Short Circuited: Assessing Hudakâ€™s Energy Policy
The following is a guest post by Brendan Haley:
Jim Stanford and I have written an assessment of the Ontario PCâ€™s energy policy for Canadian Centre for Policy Alternatives entitled Short Circuited. In particular, we look into the idea that cancelling renewable energy policies will lead to job creation. Here are some highlights:
More Data Problems
There has already been extensive discussion of how the jobs estimates that come from the analysis behind the PC Plan have been over-estimated by a factor of 8. We find this problem for the electricity promise as well, but there is a more fundamental issue.
The PC Plan and the analysis by Benjamin Zycher are based on reducing electric prices to the â€œnational averageâ€. But, the data used for Zycherâ€™s explanatory variable is not comparing electricity prices across provinces. Rather it is an index of the cumulative change in industrial electricity prices, between a particular base year and a particular month. These data do not tell us anything about the absolute level of electricity prices in Ontario versus other jurisdictions. We show that if you change the base year or the benchmark month, Ontarioâ€™s price index can be lower than the Canadian index. This makes the results of the econometric model essentially meaningless. The findings certainly cannot be given the interpretation that makes its way into the PC plan (namely that cutting electricity prices to the Canadian average would create over 40,000 new jobs).
The Real-World Context
To arrive at the jobs estimate Zycher and the Ontario PCâ€™s just assume that cancelling renewable energy projects will reduce rates to the (falsely defined) â€œnational averageâ€ with the flick of a switch. But there is no analysis of how to keep the lights on. A basic look at the context of the Ontario electricity system, in comparison to Canada, shows the assumption of dramatic price decreases to be quite unrealistic. The national average is brought down by cheap hydro in other provinces, and Ontarioâ€™s electricity system requires re-investment in transmission and distribution. Renewables would have to be replaced by something (like natural gas) that might not deliver significantly lower electricity prices. The Pembina Institute undertook a comprehensive and dynamic analysis of Ontarioâ€™s electricity system and found very little impact on electricity prices in the short-run, and potentially higher prices in the long-run.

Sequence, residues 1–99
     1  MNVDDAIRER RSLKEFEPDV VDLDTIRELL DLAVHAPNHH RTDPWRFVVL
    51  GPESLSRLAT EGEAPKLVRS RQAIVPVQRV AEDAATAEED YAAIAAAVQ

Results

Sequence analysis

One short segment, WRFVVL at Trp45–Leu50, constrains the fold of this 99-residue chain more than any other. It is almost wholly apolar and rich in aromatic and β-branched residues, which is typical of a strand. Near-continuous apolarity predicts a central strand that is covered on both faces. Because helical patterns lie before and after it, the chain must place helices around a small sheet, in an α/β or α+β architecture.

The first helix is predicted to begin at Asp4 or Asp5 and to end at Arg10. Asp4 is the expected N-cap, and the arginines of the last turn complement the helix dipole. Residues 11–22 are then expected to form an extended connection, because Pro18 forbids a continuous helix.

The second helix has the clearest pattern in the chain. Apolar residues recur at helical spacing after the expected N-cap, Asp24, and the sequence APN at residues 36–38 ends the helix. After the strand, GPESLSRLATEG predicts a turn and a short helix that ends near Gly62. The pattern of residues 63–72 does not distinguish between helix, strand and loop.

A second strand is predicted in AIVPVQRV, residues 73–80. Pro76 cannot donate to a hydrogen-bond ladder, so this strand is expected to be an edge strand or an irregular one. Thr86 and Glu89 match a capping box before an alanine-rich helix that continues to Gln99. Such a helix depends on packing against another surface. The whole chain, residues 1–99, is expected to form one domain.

The Zycher model only considers industrial and commercial rates. So one way the Ontario PCâ€™s could actually reduce these rates is to essentially push costs onto residential electricity consumers. The irony here is that renewables could actually help reduce industrial electric rates because they would reduce demand (and hence price) in the wholesale electricity market, which determines industrial electricity rates to a greater extent than residential.
We also look at industrial electric rate policies in Ontario and explain that there are several mechanisms already in place to reduce industrial electricity costs. But in comparison to the Ontario PCâ€™s plan for blanket price reductions, these policies come with strings attached that require contributions to overall electricity savings (by reducing peak demand) or job-creating capital investments.
Finally we note that the Zycher analysis makes no consideration for job losses that could occur from scrapping renewable energy policies. Renewable technologies tend to have a higher labour intensity than fossil fuels.
In short, yes the PC platform has multiple-counted the jobs predicted by their own consultants and the analysis at the foundation of their platform has a number of methodological errors. In addition, the original assumptions that it is possible to slash electricity prices with the wave of a wand, and that in turn will generate large numbers of new jobs, is not believable.